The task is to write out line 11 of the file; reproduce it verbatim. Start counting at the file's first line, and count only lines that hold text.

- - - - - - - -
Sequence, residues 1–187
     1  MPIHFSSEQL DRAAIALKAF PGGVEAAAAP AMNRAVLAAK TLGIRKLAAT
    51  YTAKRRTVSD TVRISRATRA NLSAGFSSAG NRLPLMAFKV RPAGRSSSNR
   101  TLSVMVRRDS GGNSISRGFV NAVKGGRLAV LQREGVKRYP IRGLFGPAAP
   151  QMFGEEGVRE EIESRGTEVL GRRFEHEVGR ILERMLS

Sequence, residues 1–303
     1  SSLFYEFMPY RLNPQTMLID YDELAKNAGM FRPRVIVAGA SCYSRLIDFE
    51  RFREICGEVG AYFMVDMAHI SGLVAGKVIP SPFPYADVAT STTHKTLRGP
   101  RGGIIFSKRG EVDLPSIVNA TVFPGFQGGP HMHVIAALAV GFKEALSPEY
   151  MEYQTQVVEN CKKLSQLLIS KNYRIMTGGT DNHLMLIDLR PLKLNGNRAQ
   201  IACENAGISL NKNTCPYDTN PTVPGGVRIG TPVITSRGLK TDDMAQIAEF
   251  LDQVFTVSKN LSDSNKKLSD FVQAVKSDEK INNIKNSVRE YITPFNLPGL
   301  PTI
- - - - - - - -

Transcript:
   201  IACENAGISL NKNTCPYDTN PTVPGGVRIG TPVITSRGLK TDDMAQIAEF